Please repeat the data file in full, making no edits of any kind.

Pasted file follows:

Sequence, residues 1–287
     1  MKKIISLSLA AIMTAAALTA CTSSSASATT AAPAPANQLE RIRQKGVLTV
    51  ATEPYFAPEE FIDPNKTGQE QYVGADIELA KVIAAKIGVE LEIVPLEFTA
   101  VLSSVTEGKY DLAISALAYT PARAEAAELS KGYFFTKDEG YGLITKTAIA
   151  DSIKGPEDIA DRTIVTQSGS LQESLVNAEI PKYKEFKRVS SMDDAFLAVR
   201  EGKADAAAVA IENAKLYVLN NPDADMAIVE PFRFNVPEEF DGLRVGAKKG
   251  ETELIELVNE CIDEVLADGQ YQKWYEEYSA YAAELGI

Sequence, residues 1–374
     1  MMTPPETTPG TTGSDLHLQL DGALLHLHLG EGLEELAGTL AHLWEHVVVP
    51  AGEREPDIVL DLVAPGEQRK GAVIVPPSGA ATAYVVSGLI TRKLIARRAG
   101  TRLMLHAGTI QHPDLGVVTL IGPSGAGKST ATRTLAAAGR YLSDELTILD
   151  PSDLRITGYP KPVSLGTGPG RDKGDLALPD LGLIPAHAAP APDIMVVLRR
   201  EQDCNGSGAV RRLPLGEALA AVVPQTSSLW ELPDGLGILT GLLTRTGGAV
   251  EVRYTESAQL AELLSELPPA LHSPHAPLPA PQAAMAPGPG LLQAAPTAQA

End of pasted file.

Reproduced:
Sequence, residues 1–287
     1  MKKIISLSLA AIMTAAALTA CTSSSASATT AAPAPANQLE RIRQKGVLTV
    51  ATEPYFAPEE FIDPNKTGQE QYVGADIELA KVIAAKIGVE LEIVPLEFTA
   101  VLSSVTEGKY DLAISALAYT PARAEAAELS KGYFFTKDEG YGLITKTAIA
   151  DSIKGPEDIA DRTIVTQSGS LQESLVNAEI PKYKEFKRVS SMDDAFLAVR
   201  EGKADAAAVA IENAKLYVLN NPDADMAIVE PFRFNVPEEF DGLRVGAKKG
   251  ETELIELVNE CIDEVLADGQ YQKWYEEYSA YAAELGI

Sequence, residues 1–374
     1  MMTPPETTPG TTGSDLHLQL DGALLHLHLG EGLEELAGTL AHLWEHVVVP
    51  AGEREPDIVL DLVAPGEQRK GAVIVPPSGA ATAYVVSGLI TRKLIARRAG
   101  TRLMLHAGTI QHPDLGVVTL IGPSGAGKST ATRTLAAAGR YLSDELTILD
   151  PSDLRITGYP KPVSLGTGPG RDKGDLALPD LGLIPAHAAP APDIMVVLRR
   201  EQDCNGSGAV RRLPLGEALA AVVPQTSSLW ELPDGLGILT GLLTRTGGAV
   251  EVRYTESAQL AELLSELPPA LHSPHAPLPA PQAAMAPGPG LLQAAPTAQA